Double check what the text book actually wrote if it wrote (d/dx)*y to mean dy/dx then throw it away.
More likely you have misinterpreted the text. Is it possible to scan the page and include it in your next post?
3. acos(h/r) is theta, ie half the angle of the sector at the centre. Need to double your result.
2 is submerged area + wet area above water
5 is submerged area
for 6 you are working out wet area above water
thomas49th is taking what is called General Secondary Certficate Examination (GCSE) in Maths in England. It includes number, algebra, statistics and geometry and is taken at the age of 16. The examination is graded A,B,C,D,E,F, U (unclassified). Students achieving grades A or B will be allowed...
NO ABSOLUTELY NOT. Just as Hallsof Ivy said.
The webpage above is for vector displacement not distance between points.
Lots of people have been pointing you in the right direction including me. Sometimes to follow advice you have to let go of the idea of what you were attempting was right...
The question show in from an examination paper for GCSE. Thomas49th will have been given past examination papers for practice. The examination will take place in May.
Thomas49th you will not have been shown the distance formula for GCSE but you will have covered pythagoras and should be able...
Depends on the wording of the question
verify that x=180 is a solution of ..... use the first method
show that x=180 is a solution of...... use the second method.
To verify x=180 is a solution
LHS is sin(360)=0
RHS is 2 -2cos(360)=2-2=0
LHS=RHS so x=180 is a solution
to obtain x=180 as a solution
(1-cos2x)=(tanx)(sin2x)
sin2x=2(1-cos2x)
sin2x=2(tanx)(sin2x)
sin2x-2tan(x)(sin2x)=0
sin2x(1-2tanx)=0
sin2x=0 or 1-2tanx=0
This gives that a player on average will lose $24.90 on a $100 dollar bet.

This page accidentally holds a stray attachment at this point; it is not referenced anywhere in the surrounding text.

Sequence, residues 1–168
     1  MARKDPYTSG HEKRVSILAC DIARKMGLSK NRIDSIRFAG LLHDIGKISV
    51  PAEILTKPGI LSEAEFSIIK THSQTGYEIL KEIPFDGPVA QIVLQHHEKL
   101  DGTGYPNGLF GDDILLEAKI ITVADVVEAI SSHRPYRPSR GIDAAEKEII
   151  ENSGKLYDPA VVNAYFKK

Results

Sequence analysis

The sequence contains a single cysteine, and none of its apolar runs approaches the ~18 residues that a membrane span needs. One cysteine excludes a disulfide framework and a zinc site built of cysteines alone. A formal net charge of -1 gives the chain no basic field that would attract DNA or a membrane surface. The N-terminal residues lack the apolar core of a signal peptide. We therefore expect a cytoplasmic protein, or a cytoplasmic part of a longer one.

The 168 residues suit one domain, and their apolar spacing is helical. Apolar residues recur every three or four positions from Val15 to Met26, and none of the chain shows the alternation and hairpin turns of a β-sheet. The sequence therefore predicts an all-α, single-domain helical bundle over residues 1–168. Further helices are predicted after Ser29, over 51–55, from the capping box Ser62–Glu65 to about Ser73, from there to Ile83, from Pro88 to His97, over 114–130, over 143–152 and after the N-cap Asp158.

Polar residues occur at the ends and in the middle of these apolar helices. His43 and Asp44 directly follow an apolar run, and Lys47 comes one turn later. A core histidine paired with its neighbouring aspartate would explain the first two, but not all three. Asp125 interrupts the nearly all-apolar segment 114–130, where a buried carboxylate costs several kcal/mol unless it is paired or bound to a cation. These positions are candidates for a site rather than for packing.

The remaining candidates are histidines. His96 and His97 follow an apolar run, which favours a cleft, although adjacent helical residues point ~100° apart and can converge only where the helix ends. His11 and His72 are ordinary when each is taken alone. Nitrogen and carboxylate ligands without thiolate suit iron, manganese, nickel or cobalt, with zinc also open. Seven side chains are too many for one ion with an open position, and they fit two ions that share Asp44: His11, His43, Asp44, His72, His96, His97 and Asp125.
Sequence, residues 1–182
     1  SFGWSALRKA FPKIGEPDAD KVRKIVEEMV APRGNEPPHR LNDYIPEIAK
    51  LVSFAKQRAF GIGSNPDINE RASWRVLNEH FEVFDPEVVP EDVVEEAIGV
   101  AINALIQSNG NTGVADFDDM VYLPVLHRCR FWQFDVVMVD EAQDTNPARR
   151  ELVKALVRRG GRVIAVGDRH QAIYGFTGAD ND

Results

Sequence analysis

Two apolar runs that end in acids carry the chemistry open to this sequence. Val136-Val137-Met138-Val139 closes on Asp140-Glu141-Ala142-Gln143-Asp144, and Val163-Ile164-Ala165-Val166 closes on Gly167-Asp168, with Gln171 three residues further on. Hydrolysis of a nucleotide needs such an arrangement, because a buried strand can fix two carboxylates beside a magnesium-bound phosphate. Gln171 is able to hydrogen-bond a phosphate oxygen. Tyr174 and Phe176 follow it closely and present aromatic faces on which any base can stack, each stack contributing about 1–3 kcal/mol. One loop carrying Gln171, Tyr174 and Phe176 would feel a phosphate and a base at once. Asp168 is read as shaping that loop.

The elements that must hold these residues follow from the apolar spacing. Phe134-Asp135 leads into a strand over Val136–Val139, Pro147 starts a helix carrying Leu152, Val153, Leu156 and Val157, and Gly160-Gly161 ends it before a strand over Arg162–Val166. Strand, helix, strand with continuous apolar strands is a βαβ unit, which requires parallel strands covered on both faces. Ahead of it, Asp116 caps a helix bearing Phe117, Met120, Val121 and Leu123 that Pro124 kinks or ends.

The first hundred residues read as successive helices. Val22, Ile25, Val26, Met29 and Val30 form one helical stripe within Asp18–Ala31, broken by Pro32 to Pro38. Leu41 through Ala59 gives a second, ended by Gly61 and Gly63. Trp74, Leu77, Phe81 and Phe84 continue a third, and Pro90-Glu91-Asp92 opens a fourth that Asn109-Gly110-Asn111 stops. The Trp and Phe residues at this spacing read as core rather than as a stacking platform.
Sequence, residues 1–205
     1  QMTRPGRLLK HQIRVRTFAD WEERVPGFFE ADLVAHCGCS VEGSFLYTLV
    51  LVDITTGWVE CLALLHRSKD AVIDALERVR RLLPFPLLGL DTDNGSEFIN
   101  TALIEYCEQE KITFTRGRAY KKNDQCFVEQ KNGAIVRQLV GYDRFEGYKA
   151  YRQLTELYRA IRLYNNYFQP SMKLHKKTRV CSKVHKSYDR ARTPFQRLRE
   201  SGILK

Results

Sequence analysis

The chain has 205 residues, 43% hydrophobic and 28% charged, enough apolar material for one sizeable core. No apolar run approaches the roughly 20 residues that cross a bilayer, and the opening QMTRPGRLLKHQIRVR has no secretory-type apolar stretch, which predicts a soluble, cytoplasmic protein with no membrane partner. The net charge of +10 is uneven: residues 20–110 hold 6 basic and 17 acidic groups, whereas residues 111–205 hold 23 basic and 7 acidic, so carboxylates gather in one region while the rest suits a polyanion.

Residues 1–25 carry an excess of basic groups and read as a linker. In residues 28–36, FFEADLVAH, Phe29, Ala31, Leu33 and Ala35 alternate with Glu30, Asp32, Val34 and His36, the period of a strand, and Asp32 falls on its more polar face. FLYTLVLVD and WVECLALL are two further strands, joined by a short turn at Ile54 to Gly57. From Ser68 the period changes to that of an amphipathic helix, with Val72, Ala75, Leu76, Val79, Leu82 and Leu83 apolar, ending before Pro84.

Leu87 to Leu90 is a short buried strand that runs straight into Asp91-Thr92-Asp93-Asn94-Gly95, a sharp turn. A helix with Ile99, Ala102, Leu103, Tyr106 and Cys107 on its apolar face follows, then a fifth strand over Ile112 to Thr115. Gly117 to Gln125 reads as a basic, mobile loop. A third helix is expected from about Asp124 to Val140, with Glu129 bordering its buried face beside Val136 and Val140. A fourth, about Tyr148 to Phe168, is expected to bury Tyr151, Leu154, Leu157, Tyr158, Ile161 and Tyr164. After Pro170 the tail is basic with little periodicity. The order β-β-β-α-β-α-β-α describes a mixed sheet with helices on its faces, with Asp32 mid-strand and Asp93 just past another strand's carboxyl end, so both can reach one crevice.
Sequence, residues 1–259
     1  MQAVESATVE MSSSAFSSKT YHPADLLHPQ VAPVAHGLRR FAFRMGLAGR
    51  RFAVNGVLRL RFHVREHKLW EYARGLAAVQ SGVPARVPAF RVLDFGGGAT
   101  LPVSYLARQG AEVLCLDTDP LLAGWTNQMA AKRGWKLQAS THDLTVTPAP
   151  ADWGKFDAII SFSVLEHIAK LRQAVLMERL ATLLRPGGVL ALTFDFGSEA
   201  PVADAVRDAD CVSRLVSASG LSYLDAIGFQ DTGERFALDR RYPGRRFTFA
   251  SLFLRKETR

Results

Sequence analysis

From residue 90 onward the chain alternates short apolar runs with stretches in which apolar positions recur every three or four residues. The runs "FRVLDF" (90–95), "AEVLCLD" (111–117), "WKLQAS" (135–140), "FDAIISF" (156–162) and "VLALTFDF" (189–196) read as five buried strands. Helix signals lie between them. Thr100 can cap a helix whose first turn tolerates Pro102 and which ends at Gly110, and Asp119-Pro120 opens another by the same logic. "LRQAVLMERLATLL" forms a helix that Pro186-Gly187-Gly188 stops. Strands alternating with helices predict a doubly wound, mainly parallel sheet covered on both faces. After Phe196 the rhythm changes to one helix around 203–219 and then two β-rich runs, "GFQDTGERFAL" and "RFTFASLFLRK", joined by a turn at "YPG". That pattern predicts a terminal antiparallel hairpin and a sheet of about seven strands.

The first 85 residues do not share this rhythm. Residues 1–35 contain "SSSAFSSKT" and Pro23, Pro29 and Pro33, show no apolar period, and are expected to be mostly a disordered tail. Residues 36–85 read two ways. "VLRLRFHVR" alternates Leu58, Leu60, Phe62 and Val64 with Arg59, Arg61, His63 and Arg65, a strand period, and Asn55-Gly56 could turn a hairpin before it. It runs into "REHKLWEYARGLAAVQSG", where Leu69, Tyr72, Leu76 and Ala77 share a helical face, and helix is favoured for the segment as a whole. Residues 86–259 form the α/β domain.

Your questions asks for the expected net winnings for the winner so this is not the same thing. I was assuming this question was really about expected values and as you had had difficulty in finding anything about...
Techno - I agree with Matt Grime Gonzo never changed his mind about what he wanted proof of. However there was a lack of clarity (for me) about the statement.
I took this to mean
For any positive integer k, you can find k points on any circle such that each point is a rational distance...
Below is a link to an image showing what I mean by transforming a complex polygon to a simple one. I belive that sufficient repeations of this process on even a very overlapping complex polygon would result in a simple polygon.
http://img101.imageshack.us/img101/5027/comptosimpps4.png [Broken]
I'll return to my idea in post #23
Let n_1, n_2, .....n_k be a set of k "angles" such that their sum is 180(k-2)
Let m_1, m_2, .....m_k, be defined by
m_i = 180 - n_i for 1<=i<=k ( some m_i may be negative)
the sum of all m_i is 360
rotations when m_i>0 will be clockwise...
Giving it more thought this arranging causes problems with the induction
still restricting to the case when all angles <180
for n>3
from the set of n angles choose 3, a_{1}, a_{2}, a_{3} such that
a_1 + a_2 + a_3 = 180 + d_1 + d_2
so that
a_1-d_1 + a_2 -d_2+ a_3 = 180
take the set of...
Ok Doodle Bob, I see the flaw in my method, halving the angles does not work as you have to take exactly 180 from the n angles so that ther n-1 form a polygon. Mea Culpa
When all the angles are <180 you do not need them in a certain order.
For n>3
take the angles a_1, a_2, a_n
form the n-1 polygon with angles
a_{2}/2, a_{n}/2 and the angles a_3,...... a_{n-1}
form the triangle with angles a_1, a_{2}/2, a_{n}/2 and add to the n-1 polygon placing the...
I was thinking convex polygons and so thought that n_1, n_2, .....n_k were all <180.
Reading your posts again I now realise you are thinking concave or convex polygon and so some n_i >180.
and in this case m_i = 180 - n_i is not true.
But when n_1, n_2, .....n_k are all <180 then it...
Another approach
Instead of the interior angle n_1, n_2, .....n_k
Consider the exterior angles m_1, m_2, .....m_k,instead where
m_i = 180 - n_i for 1<=i<=k
and sum of all m_i is 360
Start with a line segment A_0 to A_1
at A_1 rotate clockwise through m_1 and draw a line...
Gonzo - At first I was not entrirely sure what it was you wanted to prove (or find a counter example for). Following our discussions I am now clear on that. Like you however I am not clear how Techno's statements help.
Techno - Thank you for answering my question re: unit circles and...
k=4 is possible
draw a rectangle with sides 3 and 4, hence diagonals 5. All vertices lie on circle radius 2.5. Do not see how this helps in general though.